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Louis XIII and Richelieu

Alexandre Dumas was cruel with Louis XIII, portraying him as a colourless monarch, a rather ridiculous puppet in the hands of Cardinal de Richelieu. The novelist concealed the difficulties that the young monarch, who was only 23 years of age in 1625 when The Three Musketeers began, was compelled to overcome in order to impose his authority on a rebellious aristocracy and even on his mother, Marie de Médicis. From his childhood, Louis XIII’s enthusiasm for all things military, the extraordinary collection of firearms and the harquebus masterpieces in his armoury, inherited by the musée de l’Armée, are an illustration of his genuinely ”warrior king” character, who spent more time in bivouacs and camps than in his palaces. The novelist was probably more truthful with the figure of Richelieu to whom he provided a world­wide reputation. Dumas often told about a black legend concocted in the seventeenth century by the opponents or the victims of the Cardinal’s politics and willingly recounted by romantic writers, who made him into a «diabolical» and «implacable» minister­prelate, not hesitating to use any means to achieve his enterprises. However, in The Vicomte of Bragelonne, when Anne of Austria referred to the Cardinal as a man who never said «I will do» but «I have done», she paid the finest tribute that any of his enemies could offer him.

  • Armour of Louis XIII

    Of a significant weight (26 kg 780), this protection is musket bulletproof as evidenced by the visible bullet impact situated on the front, next to the left shoulder. Armure de louis XII vu de profil

    France, circa 1625­1630.
    Paris, musée de l’Armée. 1014 I / G 123
  • Armour of Cardinal de Richelieu

    The excessive weight of this armour (47.7 kg) ensures maximum protection to its wearer. The monogram combining the letters P of A and R, engraved in several places, can be attributed to Armand du Plessis, Cardinal de Richelieu, while marine emblems such as the trident of Neptune serves as a reminder that Cardinal de Richelieu had held the prized office of grand maître, chef et surintendant général de la navigation et commerce de France (Grand Master of the Navy and Trade). It is likely that the Cardinal­Minister inspected the facilities of the Armée Royale during the Great Siege of La Rochelle dressed in this armour or a similar piece. Photographie de l'armure du cardinal de Richelieu vu de face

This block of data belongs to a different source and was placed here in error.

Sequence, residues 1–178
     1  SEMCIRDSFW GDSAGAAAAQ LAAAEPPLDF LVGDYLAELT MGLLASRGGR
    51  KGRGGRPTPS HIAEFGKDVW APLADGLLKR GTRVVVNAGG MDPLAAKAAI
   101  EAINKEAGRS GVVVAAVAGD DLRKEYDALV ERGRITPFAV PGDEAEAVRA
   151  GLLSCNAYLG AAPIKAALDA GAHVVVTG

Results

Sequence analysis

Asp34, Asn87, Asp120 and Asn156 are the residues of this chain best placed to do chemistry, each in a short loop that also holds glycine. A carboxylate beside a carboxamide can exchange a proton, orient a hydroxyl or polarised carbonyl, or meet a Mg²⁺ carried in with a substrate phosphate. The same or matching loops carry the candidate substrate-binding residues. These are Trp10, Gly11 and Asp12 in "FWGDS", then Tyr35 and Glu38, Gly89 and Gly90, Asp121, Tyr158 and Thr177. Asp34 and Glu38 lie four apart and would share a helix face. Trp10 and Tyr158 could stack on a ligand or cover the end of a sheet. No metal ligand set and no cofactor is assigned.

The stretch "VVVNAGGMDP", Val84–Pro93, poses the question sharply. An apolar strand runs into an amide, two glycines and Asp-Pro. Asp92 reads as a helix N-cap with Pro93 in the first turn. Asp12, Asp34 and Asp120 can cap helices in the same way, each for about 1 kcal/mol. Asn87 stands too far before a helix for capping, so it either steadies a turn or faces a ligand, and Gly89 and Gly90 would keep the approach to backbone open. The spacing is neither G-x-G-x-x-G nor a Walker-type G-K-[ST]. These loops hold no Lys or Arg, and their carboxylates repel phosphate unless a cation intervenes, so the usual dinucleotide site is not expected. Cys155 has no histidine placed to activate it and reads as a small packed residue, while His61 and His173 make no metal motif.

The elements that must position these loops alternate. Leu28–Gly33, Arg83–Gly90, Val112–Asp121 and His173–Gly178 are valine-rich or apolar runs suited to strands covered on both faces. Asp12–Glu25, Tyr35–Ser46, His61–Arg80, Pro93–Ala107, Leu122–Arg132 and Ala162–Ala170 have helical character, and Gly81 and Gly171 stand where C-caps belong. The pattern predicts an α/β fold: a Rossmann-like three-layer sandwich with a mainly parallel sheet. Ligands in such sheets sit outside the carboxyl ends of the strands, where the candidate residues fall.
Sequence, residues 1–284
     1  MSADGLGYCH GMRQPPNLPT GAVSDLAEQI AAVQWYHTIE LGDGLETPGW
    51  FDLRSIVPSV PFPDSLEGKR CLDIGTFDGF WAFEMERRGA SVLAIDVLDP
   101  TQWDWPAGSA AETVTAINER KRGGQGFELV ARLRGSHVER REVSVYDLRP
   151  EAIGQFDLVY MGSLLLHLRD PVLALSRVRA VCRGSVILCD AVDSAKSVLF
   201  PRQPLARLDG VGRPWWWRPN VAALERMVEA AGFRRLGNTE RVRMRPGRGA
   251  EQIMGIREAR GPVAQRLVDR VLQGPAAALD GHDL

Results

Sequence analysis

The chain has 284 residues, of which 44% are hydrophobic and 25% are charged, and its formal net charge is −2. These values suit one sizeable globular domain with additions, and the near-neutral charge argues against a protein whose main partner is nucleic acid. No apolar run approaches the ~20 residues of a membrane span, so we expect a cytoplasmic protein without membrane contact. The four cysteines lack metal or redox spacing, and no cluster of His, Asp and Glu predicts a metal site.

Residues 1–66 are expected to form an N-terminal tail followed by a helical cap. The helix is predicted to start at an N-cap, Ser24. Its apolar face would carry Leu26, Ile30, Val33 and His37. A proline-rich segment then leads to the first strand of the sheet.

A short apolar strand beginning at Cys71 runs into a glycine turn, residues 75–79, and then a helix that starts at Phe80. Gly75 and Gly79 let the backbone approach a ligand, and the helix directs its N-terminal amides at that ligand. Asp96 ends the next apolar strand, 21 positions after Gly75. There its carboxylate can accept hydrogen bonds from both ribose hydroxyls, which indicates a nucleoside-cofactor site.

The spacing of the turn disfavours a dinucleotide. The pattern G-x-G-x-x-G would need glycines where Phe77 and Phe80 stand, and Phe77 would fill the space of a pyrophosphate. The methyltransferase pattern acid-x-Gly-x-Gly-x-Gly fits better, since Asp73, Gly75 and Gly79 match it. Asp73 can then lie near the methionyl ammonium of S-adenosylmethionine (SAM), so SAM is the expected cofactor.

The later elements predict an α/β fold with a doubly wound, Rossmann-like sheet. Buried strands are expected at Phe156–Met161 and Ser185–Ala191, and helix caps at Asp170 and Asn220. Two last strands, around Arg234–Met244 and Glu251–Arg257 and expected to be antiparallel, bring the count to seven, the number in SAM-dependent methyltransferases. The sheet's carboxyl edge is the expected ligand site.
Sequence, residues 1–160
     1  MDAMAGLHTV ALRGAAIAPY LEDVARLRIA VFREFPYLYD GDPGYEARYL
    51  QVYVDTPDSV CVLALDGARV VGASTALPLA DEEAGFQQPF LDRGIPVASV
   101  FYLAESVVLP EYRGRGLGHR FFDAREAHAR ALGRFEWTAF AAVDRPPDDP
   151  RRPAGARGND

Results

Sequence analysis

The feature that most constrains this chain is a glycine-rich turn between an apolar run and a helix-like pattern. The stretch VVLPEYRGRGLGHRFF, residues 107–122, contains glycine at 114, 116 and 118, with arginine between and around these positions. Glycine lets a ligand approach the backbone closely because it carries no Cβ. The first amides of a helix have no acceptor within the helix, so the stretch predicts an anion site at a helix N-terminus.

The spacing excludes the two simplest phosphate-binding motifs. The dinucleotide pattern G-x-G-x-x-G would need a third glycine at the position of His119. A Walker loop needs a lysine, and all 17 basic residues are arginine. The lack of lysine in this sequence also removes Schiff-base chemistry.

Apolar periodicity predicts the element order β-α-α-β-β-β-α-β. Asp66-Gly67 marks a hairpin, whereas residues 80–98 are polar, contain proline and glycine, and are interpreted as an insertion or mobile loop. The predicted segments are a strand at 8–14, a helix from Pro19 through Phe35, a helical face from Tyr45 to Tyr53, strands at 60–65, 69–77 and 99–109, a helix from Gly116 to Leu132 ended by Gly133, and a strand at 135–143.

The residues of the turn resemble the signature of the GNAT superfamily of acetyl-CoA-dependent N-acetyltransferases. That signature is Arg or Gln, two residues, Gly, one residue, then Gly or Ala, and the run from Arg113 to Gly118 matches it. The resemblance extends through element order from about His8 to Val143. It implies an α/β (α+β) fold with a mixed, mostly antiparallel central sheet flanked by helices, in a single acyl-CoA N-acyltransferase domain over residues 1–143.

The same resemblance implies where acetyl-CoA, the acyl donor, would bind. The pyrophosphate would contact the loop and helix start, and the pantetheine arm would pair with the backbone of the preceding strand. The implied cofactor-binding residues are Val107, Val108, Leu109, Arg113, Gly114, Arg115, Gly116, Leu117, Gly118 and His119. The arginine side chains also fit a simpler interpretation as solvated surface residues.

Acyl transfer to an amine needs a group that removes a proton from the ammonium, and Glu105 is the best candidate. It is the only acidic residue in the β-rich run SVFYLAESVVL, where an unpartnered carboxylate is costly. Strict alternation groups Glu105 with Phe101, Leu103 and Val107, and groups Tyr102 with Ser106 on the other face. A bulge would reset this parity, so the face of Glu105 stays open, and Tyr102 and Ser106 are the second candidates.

France, circa 1625-1630
    Paris, musée de l’Armée. G 105
  • Dual matchlock-flintlock gun

    Photographie d'un fusil
    Francis Duclos (dates unknown), Paris, 1636.
    Paris, Musée de l'Armée. 998 I / M 410
  • Matchlock musket bearing the coat of arms and emblems of Cardinal de Richelieu

    Photographie du mousquet de Richelieu
    Holland, circa 1630.
    Paris, musée de l’Armée. M 37
    The dolphin and Neptune engraved on this musket along with the coat of arms engraved on the butt plate are a reminder that Cardinal Richelieu had held the office of grand maître, chef et surintendant général de la navigation et commerce de France (Grand Master of the Navy and Trade) since 1627.
  • Louis XIII Crowned by Victory

    On August 7, 1620, the nobles who were backing up Marie de Medicis to regain her old power lost against the troops led by her own son only aged 18 at the Ponts­de­Cé, in the vicinity of Angers. It is likely that this famous painting was painted to celebrate this military exploit. Portrait de Louis XIII

    Workshop of Peter Paul Rubens.
    Oil on canvas, circa 1620.
    Leeds, the Board of Trustees of the Royal Armouries
    Inv.: I. 41
  • Triple Portrait of Cardinal de Richelieu

    Portrait du cardinal de Richelieu
    Philippe de Champaigne (1602-1674).
    Oil on canvas, 1642.
    London, National Gallery (NG 798)
    This painting was executed in Paris, and sent to Rome as a model for the making of a bust of Richelieu by the sculptor Gian Lorenzo Bernini, which is presently kept at the Musée du Louvre.
  • Cardinal Richelieu at the siege of La Rochelle

    Tableau de Richelieu sur la digue de la Rochelle
    Henri-Paul Motte (1846 – 1922).
    Oil on canvas, 1881.
    La Rochelle, musées d’Art et d’Histoire (MAH.1886.1.3)
    Pierre Henri Motte was a pupil of Jean­Léon Gérôme. He is best known for his painting depicting Cardinal de Richelieu standing on the largest seawall built to block the seaward access to La Rochelle in order to observe the movements of the Royal Navy. This work of art which possesses a form of cinematic efficiency has become the most iconic image of the Great Siege of La Rochelle and probably of the Cardinal himself.